Today, I read an a very interesting article on the BBC News website about rituals students and their parents undertake before a very important examination. Being inspired by such a reading, and something that would generate conversation in an English language classroom, I thought I would create a lesson about this news article.
- Aims: By the end of the lesson, students will learn more about exam rituals from South East Asia and extend their cultural awareness.
- Level: Intermediate or above
- Timing: 60 minutes or more
- Focus: Conversation and Scaffolding Emergent Language
- Materials: Images, Headings and Text (sourced from BBC News)
Step 1: Warmer
At the beginning of the lesson, write up the following questions on the whiteboard for students to discuss in pairs or small groups:
- Have you taken an exam recently? What?
- What did you do to prepare before taking the exam?
- How did you do in your last test?
- What would you do differently for your next test?
- Would you take any lucky objects with you to the exam? If so, what and why?
- Would you eat a special meal the night before the exam? If so, what?
You could give a dice to the students and then get them to ask the question corresponding to the number on the dice that they roll. Monitor learners during the conversation and provide feedback or scaffold language where required.
Step 2: Introduce Images
Hand out the following pictures for learners and ask them to guess why they are lucky and which country these could be from and why there might be particular superstitions related to them.
If learners are having a bit of difficulty, you could get them to look at the images and ask them what they are or what they represent.
Step 3: Matching Exercise
Tell students that they will receive headings related to the images above and that they have to match the headings to the images. Demonstrate with one heading as an example and write it up on the whiteboard. For example, you could write up “Avoid washing your hair” and ask students which picture it is related to. Students should be able to match it up pretty quickly and then ask them why people would avoid washing their hair. Tell them that they need to match up the remaining headings to the pictures.
- How KitKat got lucky
- An apple a day
- Avoid washing your hair
- Going nuts over exams
- A slice of luck
- Praying for success
- Lucky watch versus slippery soup
- Chicken power
- Wear red underwear
- Pray for mercy from the “Bell Curve God”
Give students a bit of time to work together and allow them to discuss and link up the pictures. Then once students have finished, you could check as a whole class which images match the headings.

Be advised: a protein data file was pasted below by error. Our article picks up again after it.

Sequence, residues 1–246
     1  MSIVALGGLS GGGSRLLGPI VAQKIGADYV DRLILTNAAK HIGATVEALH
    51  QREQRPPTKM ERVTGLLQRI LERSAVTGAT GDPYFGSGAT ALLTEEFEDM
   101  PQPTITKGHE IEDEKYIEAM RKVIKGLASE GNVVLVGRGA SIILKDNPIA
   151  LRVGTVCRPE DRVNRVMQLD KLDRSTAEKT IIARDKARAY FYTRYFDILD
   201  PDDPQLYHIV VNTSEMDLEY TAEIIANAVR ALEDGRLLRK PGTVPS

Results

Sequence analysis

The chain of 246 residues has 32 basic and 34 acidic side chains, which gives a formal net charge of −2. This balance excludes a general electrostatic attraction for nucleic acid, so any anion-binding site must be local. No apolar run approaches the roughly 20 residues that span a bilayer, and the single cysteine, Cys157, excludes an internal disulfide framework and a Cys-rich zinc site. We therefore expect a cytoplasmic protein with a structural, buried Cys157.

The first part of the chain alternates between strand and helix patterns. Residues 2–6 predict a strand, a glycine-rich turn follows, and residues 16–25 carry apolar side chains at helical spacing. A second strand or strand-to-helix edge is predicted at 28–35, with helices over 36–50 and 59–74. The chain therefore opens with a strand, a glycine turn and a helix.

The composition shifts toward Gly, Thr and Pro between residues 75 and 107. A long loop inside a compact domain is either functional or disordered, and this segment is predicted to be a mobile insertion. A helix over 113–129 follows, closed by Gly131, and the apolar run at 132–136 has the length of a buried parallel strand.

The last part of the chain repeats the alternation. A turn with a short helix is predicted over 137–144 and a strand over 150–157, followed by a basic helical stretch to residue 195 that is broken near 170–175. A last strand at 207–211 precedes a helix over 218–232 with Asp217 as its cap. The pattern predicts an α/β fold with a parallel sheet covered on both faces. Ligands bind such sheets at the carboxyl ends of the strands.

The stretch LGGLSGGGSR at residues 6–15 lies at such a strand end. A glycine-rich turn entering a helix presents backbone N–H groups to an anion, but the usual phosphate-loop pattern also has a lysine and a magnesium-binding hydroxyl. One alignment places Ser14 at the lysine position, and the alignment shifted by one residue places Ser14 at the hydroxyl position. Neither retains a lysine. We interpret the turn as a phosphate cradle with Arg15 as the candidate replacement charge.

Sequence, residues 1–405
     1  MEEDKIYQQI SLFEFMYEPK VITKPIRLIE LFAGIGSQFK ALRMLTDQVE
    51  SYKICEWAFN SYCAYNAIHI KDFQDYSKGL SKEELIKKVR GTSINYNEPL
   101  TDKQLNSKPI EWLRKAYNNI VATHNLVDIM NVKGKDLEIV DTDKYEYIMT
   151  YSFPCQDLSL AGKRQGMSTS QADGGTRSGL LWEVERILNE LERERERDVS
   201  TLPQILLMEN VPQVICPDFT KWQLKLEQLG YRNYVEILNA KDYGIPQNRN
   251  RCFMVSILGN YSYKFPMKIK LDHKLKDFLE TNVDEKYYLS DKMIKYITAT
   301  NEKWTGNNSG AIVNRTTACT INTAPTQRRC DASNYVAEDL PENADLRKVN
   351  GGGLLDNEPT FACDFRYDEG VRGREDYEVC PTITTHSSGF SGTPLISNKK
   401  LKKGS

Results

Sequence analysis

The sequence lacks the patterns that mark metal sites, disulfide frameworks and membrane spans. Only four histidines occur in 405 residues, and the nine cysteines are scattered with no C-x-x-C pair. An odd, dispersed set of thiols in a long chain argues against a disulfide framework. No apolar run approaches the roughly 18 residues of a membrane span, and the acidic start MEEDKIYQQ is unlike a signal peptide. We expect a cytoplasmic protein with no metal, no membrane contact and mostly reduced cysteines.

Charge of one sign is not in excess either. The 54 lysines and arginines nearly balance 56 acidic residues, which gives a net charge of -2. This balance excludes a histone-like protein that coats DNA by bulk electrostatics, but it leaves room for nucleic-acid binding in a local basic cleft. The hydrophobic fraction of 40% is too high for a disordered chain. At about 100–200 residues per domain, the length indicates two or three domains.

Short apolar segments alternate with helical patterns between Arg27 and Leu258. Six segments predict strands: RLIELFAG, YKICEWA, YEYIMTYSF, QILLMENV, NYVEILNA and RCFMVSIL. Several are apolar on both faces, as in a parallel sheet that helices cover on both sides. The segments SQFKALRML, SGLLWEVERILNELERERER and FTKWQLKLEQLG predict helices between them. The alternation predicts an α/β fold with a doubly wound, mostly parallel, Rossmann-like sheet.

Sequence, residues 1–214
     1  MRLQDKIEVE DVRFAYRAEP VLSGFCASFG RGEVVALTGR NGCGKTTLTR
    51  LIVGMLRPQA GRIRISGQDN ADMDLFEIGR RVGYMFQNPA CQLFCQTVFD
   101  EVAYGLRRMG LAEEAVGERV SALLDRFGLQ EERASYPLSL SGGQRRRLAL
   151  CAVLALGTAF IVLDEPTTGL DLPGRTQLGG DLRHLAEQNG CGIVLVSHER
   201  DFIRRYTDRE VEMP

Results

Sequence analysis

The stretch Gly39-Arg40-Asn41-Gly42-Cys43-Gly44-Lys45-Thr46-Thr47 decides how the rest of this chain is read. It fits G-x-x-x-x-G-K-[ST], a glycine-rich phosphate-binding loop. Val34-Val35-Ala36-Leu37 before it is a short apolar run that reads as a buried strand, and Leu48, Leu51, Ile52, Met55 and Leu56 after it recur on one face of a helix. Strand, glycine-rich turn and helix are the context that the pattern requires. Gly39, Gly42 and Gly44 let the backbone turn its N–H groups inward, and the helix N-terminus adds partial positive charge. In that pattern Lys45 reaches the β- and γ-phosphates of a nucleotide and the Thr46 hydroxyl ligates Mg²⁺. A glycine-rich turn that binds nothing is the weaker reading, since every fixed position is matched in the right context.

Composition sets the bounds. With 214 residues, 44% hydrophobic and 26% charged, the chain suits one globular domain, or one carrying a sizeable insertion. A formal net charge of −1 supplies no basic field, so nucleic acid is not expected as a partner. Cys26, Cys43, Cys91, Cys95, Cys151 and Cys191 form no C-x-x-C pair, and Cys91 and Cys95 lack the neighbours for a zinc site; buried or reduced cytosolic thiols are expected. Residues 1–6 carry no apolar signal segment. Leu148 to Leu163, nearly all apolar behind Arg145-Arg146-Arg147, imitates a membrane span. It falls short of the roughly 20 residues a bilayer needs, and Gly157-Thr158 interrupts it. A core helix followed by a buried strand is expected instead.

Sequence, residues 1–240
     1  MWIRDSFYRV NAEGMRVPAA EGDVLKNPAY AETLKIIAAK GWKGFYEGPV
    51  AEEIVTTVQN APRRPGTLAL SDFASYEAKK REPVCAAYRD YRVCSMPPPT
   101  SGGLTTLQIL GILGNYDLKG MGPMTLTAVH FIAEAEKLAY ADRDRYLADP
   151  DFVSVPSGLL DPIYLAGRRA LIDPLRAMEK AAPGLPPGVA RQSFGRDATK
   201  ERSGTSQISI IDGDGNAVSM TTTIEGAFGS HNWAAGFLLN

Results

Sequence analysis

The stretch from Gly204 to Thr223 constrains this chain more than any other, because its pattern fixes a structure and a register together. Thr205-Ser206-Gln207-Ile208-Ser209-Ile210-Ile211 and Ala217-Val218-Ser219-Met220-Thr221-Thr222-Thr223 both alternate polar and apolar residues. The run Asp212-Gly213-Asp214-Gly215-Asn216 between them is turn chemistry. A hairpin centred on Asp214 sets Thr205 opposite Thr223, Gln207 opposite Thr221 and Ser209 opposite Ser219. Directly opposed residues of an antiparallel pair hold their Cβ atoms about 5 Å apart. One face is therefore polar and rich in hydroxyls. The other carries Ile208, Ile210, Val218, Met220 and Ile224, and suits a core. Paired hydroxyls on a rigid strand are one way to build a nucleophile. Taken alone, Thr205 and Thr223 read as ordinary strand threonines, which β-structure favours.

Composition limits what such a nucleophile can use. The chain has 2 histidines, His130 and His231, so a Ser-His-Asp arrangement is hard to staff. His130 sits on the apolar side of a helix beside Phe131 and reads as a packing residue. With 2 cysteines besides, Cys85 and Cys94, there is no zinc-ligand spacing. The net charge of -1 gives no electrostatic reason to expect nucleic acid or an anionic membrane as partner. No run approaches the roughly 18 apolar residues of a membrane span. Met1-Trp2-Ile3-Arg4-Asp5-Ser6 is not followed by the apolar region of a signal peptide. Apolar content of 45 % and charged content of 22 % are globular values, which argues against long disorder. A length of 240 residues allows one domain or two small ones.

Step 4: Text Matching
The next part of the lesson is for students to match the remaining text to the headings and images. Give the students the text cut up in to ten corresponding parts. Read the first sentence and ask students what image/heading it corresponds to. All text is available on the website but is also available below.
How KitKat got lucky
Traditionally, Japanese students would eat Katsudon before or on the day of an exam, comprising a warm bowl of rice topped with egg and a deep-fried pork cutlet. The dish name’s likeness to the word “katsu”, meaning “winning” is thought to bring students luck. But KitKat in Japan has also been marketing itself as a bringer of good luck. Pronounced as “kitto katto”, the chocolate’s name is similar to the phrase “kitto katsu”, meaning “surely winning”, making it a good candidate for a good luck charm.
An apple a day
Canteens across Hong Kong University campuses serve apples, and a variety of apple dishes, in the run-up to the exam period. “The pronunciation of apple in Chinese is “ping guo”, which also means “safety”. So it’s considered that you will safely pass the exam,” says Chong Wang, from Nanjing in China.
Avoid washing your hair
In your vicious cycle of all-night revision, microwave food and highlighter pens, you may have forgotten to have a shower. But not to worry – in South Korea, it’s thought that washing your hair could wash all the knowledge out. “There was one boy in our class who didn’t wash hair before exams. The rest of the time he was very clean, but once you came to know his exam ritual, you didn’t want to go near him,” said one student about a classmate.
Going nuts over the exams
Around a month before exams start in Hong Kong, students in clubs, societies and residential halls, will gather for “superpass”, or going guo. “Superpass” is a series of activities aimed at helping you pass your exams with a top score. The first part is the superpass dinner, which is usually held at a Chinese restaurant. It’s important that students eat pork cubes with cashews, one of the signature superpass dishes. The Chinese word for “cashews” sounds like the word for “wish to pass”, and “pork cubes” sounds like “desire for a distinction”. Homophones, or homonyms, play a big part in ritual and superstition in many East Asian languages.